Human error is a frequent contributor to road traffic collisions, understanding the human factors provides a deeper insight into road-user behaviour.

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Looked But Failed To See Errors

After an accident, people often report that they failed to see the other vehicle involved in the crash with enough time to avoid the collision, even though they looked in that direction. These “looked but failed to see” errors are very common and it has been estimated that not seeing another vehicle is implicated in up to 50% of collisions. Why are we so bad at detecting other vehicles, even when we actively look for them?

Look but fail to see errors can largely be explained in terms of the way in which humans process information. Our subjective view of the world feels rather like we are watching a film and that we smoothly look around the world with a perfect representation of the outside world being efficiently processed by our brain. Surprisingly, this is very far from the truth.

When we look at something, we actually only have clear vision in a small, central part of our visual field. If you hold you thumb up in front of you at arms length, our clear patch of vision is about the size of your thumbnail. Outside of this patch our vision becomes increasingly blurry. In addition to this, the way in which we move our eyes is not at all like the smooth camera we perceive. We tend to fixate our eyes on something for around a quarter to a third of a second and then move our eyes to a new location with this movement, or saccade, taking around 30-50 milliseconds. When we are moving our eyes we are, effectively, blind.

So, our visual input is actually very degraded. Each second we will see about three “snapshots” of our visual world and these snapshots are mainly quite blurry. In reality our vision is more like a cartoon flip book where a slightly different image is shown on each page, but flipping quickly through them gives the impression that the characters are moving. In addition to being blind when our eyes move, we also have no visual input when we blink. These two factors combined mean that we are, essentially, blind nearly 20% of the time! Additionally, research has shown that drivers at a junction may only look at the road that they are merging with for less than half a second[1].

Why does it seem like we have a clear and smooth moving perception of the world, when actually we only have blurry snapshots? Essentially our brains do some amazing “piecing together” of our snapshots and allow us to perceive a clear and smooth moving world. Part of this filling in is done on the basis of our experiences and existing knowledge. Imagine driving up to a busy junction near to where you live that you cross everyday. Your memory of this junction, called a schema, is part of what allows your brain to create a complete and clear image of it. Given this it’s easy to imagine how looked but failed to see errors can occur.

The limitations of our visual processing system can explain, at least to some extent, look but failed to see errors. But other factors also contribute. How conspicuous, or noticeable, a vehicle is also makes a big difference as to whether a driver sees it or not. Much of the research in this area has concentrated on motorcycle conspicuity given the relatively high frequency with which motorcycles are not seen before a collision. Given that the front of a motorcycle is relatively small, it seems quite obvious that it would be easier to miss, but what can be done to reduce this risk.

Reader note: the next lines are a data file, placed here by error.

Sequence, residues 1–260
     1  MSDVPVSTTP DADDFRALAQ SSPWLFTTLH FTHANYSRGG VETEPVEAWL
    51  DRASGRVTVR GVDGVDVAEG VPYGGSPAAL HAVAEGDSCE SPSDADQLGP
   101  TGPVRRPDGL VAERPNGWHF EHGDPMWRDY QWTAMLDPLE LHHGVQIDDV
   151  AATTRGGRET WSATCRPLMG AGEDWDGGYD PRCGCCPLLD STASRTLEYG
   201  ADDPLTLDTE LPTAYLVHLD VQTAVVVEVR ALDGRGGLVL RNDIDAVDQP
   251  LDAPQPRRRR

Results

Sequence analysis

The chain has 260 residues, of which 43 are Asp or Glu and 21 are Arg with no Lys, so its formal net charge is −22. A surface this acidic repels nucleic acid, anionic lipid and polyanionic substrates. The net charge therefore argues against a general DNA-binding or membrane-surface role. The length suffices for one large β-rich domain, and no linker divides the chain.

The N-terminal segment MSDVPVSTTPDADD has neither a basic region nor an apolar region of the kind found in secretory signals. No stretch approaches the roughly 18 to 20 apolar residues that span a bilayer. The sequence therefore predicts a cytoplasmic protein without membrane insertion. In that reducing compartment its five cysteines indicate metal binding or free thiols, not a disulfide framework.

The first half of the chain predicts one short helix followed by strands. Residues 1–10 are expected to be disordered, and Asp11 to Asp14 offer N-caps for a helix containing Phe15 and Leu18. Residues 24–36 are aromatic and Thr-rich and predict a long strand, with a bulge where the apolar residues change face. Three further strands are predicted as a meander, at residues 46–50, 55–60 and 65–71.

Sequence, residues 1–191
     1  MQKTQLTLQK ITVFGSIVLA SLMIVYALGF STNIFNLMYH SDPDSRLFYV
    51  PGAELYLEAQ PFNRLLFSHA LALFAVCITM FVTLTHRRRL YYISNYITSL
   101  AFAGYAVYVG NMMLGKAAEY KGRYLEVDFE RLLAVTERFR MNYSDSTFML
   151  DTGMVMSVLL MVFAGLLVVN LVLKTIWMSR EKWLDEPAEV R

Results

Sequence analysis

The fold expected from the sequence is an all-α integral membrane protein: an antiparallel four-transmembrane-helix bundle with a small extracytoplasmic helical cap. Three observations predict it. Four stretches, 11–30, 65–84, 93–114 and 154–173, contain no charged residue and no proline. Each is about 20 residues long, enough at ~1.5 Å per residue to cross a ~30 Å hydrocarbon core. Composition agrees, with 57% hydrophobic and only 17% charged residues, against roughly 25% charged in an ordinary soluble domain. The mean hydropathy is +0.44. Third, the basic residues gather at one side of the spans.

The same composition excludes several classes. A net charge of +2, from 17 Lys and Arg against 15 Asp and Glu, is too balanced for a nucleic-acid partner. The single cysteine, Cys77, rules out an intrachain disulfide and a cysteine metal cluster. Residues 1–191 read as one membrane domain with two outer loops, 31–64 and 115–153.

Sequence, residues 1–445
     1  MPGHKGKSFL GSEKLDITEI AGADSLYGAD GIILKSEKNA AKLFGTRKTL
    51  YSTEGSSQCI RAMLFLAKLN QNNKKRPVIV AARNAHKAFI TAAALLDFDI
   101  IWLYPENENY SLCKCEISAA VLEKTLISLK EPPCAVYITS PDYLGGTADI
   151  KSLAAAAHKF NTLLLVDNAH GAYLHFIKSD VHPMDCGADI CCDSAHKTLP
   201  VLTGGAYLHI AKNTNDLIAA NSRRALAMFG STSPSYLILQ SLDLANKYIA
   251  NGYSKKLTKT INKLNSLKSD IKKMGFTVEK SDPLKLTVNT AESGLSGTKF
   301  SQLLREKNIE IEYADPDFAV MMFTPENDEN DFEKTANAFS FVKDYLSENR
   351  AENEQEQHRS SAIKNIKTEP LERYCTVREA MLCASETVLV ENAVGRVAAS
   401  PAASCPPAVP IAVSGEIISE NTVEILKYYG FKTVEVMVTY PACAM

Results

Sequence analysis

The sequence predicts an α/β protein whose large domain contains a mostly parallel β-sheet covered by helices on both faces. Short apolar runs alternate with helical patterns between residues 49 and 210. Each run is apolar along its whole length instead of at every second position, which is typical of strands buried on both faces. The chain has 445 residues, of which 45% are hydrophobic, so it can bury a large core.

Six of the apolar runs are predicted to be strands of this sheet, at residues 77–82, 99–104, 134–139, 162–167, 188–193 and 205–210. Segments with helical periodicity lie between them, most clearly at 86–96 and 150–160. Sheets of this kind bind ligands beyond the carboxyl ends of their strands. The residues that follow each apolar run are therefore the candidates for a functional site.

The use of headlights and wearing of bright clothing have been examined as two of the most likely ways of making motorcyclists more visible. The use of headlights during the daytime has been found to reduce the number of motorcycle accidents; however, interestingly this is also true for cars, trucks and buses[2]. It has also been suggested that headlight use is only increases conspicuity when a motorcycle is further away and that it is little use at shorter distances[3].

Research has also examined whether there are differences in looked but failed to see errors between novice and expert drivers. Typically these studies monitor where the driver is looking and then these patterns are compared between the two groups[4]. The experienced drivers had very different looking “strategies” when driving on a motorway, urban or rural road. This suggests that they vary their driving techniques according to the environment. In contrast, novice drivers had very similar patterns of eye movements and fixations on all three of the road types. One implication of the experienced drivers being able to adopt suitable driving behaviours for different road types, this may also come at a cost. Because of all their experience, these drivers are likely to have well established schemas of the roads they frequently drive on. Consequently, they may be less likely to see and oncoming vehicle if it does not “match” with their existing schema. Ironically, this means that experienced drivers may be more likely to commit looked but failed to see errors than novice drivers.

Although looked but failed to see errors are relatively common, there are techniques that can be used to minimise these errors occurring, and consequently the associated risks. Observation is a key skill for driving, but one that is often overlooked and taken for granted. Training can improve observation skills through developing visual search strategies.  Such methods can reduce the occurrence and risks that arise due to looked but failed to see errors.


[1] Langham (1999)

[2] Olson (1989)

[3] Hole et al. (1996)

[4] Underwood

Dr Victoria Bourne  (BA Hons, DPhil)

Consultant to Driving Risk Management Limited

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